The roots of this technique date back to prehistory. Paul Broca and Victor Horsley, both authorities in neuroscience, were among the first to report on ancient trepanned skulls and both proposed theories relating to such primitive cranial surgery.5,13 According to Broca's theory, people believed that the cranial holes allowed the demons causing convulsions to escape. Horsley, on the other hand, suggested that trepanation originated as a way to treat pain and epilepsy caused by skull fractures.12 Our current knowledge and understanding about this ancient technique derive from saved historical manuscripts of its widespread practice at the time and from bioarchaeological studies of abundant skeletal specimens that have been discovered in many parts of the world.9,14,23

Cranial surgery in Greece predates Hippocrates by many centuries. The oldest skeletal evidence of trepanation discovered to date was in a Minoan ossuary in Crete (Early Minoan to Middle Minoan period, 2200–1720 BC).3 Trepanned skulls belonging to different periods have also been unearthed in Delphi (Middle Bronze Age period, 1700–1750 BC),21,29 the Peloponnese (Late Helladic period, 1400–1060 BC),25 Crete (8th century BC),19 Abdera (7th century BC),1 and in many other regions, indicating a wide geographic as well as a prolonged chronological distribution. Fabbri et al. presented a case of cranial trepanation that was performed at the beginning of the 5th century BC, in a Greek colony in Sicily.10 This procedure was evidently performed in the manner that was described a few decades later in “On injuries of the head.” The lack of relevant skeletal evidence in the geographic area of ancient Greece during and after the Hippocratic era has, however, led some authors to suggest that the practice was not popular among the physicians of that time.24 Another possible explanation could be that relevant archaeological material has not been studied adequately.

It appears to be the case, then, that the surgical instruments and the technique of trepanation were already known by the Hippocratic era.10 The contribution of Hippocrates was the stripping of trepanation from superstitions and enabling its conversion into a purely medical procedure. The process paralleled a general transformation of the medical culture at that time to one that became devoid of magico-ritual elements. Hippocrates was the first to apply logic and observation in medical practice. He established medicine as a distinct discipline, bound by a code of ethics, separating it from theology and philosophy. He is thus regarded as the founder of the medical profession. He lived during what is often referred to as “The Golden Age of Classical Antiquity,” in the 5th century BC, when the city-state of Athens flourished politically, economically, and culturally. During this period Hippocrates was an outstanding figure and his practice and teaching revolutionized medicine. The Hippocratic Corpus, a collection of about 60 ancient medical manuscripts, is based on his intellectual work, although none of the texts can be directly credited to Hippocrates himself.26,30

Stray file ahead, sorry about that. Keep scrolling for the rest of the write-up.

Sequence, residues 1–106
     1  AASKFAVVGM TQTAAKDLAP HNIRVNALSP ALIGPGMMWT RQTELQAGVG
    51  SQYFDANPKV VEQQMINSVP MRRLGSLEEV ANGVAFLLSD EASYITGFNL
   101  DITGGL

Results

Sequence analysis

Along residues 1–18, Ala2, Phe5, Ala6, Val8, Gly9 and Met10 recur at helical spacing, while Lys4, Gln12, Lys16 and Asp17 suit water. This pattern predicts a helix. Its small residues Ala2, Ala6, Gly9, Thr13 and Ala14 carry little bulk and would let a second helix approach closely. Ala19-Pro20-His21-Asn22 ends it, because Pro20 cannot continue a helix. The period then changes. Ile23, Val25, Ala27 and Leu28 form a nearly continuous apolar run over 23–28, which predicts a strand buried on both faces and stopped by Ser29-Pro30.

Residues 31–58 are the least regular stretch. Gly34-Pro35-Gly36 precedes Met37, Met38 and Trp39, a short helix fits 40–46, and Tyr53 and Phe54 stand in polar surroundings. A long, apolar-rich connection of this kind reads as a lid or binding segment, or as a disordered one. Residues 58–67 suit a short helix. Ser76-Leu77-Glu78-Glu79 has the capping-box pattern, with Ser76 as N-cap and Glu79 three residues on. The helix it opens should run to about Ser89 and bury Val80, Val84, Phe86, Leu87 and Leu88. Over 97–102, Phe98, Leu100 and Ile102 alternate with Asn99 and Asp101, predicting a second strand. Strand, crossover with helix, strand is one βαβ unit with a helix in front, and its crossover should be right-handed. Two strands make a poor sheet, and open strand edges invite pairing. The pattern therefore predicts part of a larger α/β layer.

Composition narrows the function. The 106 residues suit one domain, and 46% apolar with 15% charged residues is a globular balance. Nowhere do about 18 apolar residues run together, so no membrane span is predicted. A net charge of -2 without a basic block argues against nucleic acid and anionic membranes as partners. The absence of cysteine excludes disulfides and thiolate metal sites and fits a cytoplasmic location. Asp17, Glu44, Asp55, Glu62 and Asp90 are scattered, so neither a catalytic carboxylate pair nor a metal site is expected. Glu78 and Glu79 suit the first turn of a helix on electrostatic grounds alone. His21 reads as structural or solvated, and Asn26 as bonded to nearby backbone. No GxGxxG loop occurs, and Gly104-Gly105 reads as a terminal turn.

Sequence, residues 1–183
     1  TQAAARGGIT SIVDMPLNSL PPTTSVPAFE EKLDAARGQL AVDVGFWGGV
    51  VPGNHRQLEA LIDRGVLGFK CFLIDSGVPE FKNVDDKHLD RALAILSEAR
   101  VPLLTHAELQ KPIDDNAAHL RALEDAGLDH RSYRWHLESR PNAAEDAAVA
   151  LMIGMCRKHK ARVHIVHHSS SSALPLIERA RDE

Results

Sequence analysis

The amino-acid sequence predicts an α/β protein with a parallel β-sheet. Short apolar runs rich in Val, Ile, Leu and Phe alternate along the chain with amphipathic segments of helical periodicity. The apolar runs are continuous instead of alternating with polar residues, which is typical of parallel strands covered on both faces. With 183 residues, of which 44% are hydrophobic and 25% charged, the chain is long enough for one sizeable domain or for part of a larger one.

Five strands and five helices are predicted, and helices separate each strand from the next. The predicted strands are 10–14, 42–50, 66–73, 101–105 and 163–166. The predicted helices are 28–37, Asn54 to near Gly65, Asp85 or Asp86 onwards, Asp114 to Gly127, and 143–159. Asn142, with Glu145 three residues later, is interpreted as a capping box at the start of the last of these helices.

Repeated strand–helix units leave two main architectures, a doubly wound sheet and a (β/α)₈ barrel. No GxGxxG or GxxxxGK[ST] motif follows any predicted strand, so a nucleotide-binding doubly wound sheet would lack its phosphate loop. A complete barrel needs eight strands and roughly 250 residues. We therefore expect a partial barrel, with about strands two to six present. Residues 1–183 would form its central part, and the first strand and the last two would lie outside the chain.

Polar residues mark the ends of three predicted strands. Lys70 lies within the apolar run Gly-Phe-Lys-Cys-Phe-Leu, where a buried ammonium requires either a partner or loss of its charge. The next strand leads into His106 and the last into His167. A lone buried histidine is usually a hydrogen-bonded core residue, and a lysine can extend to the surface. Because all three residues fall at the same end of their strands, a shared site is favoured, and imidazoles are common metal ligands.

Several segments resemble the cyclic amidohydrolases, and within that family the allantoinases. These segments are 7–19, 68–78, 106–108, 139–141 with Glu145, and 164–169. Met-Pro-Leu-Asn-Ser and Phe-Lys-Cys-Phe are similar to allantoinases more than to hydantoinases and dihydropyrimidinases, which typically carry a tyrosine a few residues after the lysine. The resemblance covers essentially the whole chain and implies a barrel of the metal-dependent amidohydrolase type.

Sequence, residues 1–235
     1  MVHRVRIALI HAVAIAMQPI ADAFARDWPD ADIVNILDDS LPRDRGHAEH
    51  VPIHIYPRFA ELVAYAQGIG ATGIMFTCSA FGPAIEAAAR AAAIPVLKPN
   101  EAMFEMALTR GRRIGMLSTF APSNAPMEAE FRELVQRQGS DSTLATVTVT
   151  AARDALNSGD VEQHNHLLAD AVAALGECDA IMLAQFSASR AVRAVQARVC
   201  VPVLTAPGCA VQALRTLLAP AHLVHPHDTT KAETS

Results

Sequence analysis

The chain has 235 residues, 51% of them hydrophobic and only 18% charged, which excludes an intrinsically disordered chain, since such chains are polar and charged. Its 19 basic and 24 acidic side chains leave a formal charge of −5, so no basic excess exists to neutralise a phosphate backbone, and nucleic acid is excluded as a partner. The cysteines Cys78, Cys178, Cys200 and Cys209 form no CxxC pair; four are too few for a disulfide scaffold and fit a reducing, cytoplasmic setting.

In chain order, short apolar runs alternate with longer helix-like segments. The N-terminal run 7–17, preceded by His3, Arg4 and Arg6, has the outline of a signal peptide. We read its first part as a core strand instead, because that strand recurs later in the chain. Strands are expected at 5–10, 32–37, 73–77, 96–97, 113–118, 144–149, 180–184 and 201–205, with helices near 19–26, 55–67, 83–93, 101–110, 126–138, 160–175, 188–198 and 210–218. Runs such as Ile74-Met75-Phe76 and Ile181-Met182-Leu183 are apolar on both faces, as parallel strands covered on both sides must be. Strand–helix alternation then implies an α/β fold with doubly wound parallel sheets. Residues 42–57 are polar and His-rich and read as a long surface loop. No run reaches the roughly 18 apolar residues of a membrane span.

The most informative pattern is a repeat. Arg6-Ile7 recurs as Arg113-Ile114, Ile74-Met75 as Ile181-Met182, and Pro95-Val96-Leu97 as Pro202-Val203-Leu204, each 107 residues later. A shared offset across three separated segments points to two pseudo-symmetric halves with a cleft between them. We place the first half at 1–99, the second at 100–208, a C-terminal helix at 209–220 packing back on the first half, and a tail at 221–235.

The manuscript “On injuries of the head” is the first written work in history that addresses management of cranial injuries.28 The author describes the cranium, classifies skull fractures, and proposes a methodical approach to the management of the head-injured patient. This approach starts with a detailed history of the circumstances under which the injury was sustained. The mechanism of injury determines the type of skull lesion that results and is associated with the prognosis.4 Based on the Hippocratic manuscript, in the skull of Chios that we are considering here, the left parietotemporal linear skull fracture might have been caused by accident or inflicted by a right-handed assailant. In the latter case, the weapon must have been heavy and blunt, rather than light and sharp. The Hippocratic author emphasizes the importance of examining the wound, with inspection and palpation. This examination assesses the condition of the underlying bone and the type of skull injury sustained, to guide management. Regarding treatment with trepanation, the indications were the following: a nondepressed skull fracture (as in this case), bone contusion without fracture, and hedra, a Greek word used to describe a dent in a bone caused by sharp weapons. The author then presents the technique used (described below), emphasizing the importance of maintaining an intact dura mater to ensure a favorable outcome. Finally, the prognosis for a victim of head injury is based on careful evaluation of factors from the patient's history, together with clinical observation and assessment. Injury to the bregma, for example, carried a worse prognosis as compared with one affecting the occiput. Fall from a height, suppuration of the bone, presence of fever, blisters on the tongue, and presence of contralateral body spasms were all considered dismal prognostic indicators. Overall, the author's approach to head injuries includes both empiricism and rationalism, which is characteristic of the Hippocratic method and is evident throughout the Corpus.26